A global study of people living on five continents has found that a diet high in poor-quality carbohydrates (called a high-glycemic diet) leads to a higher risk of heart attacks, strokes, and death.
The analysis of data from the PURE study is the largest of a geographically and dietary diverse population on this issue, as previous studies have chiefly focused on high-income Western countries.
The New England Journal of Medicine published the findings on “glycemic index, glycemic load, and cardiovascular disease and mortality this week. The higher risks were similar whether people had previous cardiovascular disease or not. Risks were higher among those who are obese.
“This study ratifies that the consumption of high amounts of poor-quality carbohydrates is an issue worldwide,” said the NEJM paper’s first author, David Jenkins, a scientist at the Li Ka Shing Knowledge Institute of St. Michael’s Hospital, a professor at the University of Toronto, and an associate senior scientist at PHRI.
“Among a diverse population, a diet low in both its glycemic index and load has a lower risk of cardiovascular disease and death,” said PHRI’s Mahshid Dehghan, a co-investigator and co-author of the NEJM paper. (Glycemic index is a measure of carbohydrate availability, digestibility and absorption.)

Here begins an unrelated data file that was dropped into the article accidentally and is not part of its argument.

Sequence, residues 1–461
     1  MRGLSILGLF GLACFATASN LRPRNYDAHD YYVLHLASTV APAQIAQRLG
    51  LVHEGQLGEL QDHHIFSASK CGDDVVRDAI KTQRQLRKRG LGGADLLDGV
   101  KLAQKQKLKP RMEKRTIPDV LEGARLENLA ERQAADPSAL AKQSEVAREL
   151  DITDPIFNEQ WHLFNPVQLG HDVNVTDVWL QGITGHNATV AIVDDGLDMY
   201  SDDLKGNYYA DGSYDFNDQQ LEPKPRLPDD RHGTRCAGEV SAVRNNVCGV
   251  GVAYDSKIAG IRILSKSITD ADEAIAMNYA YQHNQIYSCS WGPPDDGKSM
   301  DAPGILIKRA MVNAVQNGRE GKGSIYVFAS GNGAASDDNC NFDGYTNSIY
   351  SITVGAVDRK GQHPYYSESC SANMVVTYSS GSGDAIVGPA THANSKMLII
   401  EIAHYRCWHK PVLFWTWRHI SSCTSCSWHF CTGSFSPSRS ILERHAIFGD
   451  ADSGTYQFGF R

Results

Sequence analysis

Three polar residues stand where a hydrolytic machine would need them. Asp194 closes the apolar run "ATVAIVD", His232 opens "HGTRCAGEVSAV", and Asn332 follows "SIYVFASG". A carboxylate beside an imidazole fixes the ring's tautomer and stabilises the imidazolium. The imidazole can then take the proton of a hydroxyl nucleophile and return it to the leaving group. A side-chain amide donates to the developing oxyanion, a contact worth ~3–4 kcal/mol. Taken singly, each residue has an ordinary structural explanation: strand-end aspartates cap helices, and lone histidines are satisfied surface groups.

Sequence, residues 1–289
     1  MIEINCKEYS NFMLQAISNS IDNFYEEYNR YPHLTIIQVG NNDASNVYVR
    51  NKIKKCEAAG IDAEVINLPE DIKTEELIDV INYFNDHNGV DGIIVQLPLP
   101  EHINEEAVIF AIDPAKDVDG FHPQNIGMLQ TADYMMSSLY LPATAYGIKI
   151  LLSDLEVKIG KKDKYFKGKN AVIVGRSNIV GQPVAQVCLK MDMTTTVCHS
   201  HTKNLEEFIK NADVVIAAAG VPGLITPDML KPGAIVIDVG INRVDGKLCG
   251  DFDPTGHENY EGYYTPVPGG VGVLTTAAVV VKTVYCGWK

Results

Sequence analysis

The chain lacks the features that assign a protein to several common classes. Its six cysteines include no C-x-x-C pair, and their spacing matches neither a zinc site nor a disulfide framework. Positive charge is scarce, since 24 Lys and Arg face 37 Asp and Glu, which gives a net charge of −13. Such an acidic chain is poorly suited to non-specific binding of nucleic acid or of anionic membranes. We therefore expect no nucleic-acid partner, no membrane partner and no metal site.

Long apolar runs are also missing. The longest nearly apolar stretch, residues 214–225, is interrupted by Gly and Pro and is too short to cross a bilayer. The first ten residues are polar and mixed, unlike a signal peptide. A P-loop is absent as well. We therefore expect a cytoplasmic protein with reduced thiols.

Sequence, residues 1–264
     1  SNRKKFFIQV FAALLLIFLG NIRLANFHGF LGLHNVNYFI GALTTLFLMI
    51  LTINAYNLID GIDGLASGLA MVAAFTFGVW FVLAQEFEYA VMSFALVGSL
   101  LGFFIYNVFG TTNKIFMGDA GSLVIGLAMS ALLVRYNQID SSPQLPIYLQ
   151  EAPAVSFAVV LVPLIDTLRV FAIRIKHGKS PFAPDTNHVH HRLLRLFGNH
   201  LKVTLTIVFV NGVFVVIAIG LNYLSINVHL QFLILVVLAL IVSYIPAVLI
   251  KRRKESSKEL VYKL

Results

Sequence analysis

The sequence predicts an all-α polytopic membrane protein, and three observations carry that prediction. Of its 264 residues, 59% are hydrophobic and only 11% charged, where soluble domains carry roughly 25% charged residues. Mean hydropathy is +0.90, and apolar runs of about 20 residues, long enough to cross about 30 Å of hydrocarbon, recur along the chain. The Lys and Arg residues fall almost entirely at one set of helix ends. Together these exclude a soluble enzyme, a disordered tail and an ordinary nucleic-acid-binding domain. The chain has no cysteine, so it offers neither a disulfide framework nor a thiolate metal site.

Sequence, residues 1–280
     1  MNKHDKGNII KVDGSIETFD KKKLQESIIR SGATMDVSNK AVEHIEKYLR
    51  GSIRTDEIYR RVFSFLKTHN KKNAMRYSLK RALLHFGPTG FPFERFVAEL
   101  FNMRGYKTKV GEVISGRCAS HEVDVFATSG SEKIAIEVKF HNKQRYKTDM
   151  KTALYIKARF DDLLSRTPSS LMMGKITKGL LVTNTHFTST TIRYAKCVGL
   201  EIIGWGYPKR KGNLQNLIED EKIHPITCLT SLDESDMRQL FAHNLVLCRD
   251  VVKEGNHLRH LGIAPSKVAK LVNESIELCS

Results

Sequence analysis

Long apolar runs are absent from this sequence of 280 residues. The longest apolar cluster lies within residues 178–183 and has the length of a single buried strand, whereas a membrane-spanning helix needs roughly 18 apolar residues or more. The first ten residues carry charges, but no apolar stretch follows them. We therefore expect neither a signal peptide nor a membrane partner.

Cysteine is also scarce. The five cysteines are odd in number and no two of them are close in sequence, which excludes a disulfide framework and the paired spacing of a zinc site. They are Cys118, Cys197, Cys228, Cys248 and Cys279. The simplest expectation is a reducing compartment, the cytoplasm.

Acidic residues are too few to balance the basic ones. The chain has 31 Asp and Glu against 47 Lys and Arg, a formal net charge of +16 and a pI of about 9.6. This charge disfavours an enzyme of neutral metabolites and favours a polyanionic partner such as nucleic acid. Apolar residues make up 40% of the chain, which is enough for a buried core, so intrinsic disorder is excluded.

White bread, rice, and potatoes have a high glycemic index. Most fruits, vegetables, beans, and intact whole grains have a low glycemic index.
Refined grains and CVD
Another paper Mahshid Dehghan coauthored this month – this time with first author S. Swaminathan of St. John’s Research Institute, India – and published in the British Medical Journal, looked at associations of cereal grains intake with cardiovascular disease and mortality across 21 countries in the PURE study.
This study showed that higher intake of refined grains was associated with higher risk of total mortality and major cardiovascular events. “Refined grains” were defined as low-fiber wheat grain products or flours modified to remove the bran and germ, including white bread, pasta/noodles, breakfast cereals, crackers, and bakery products/desserts containing refined grains.
Conclusions (and policy implications) of these analyses of PURE dietary data are to encourage populations to reduce the quantity and improve the quality of carbohydrates they consume in order to have better health outcomes.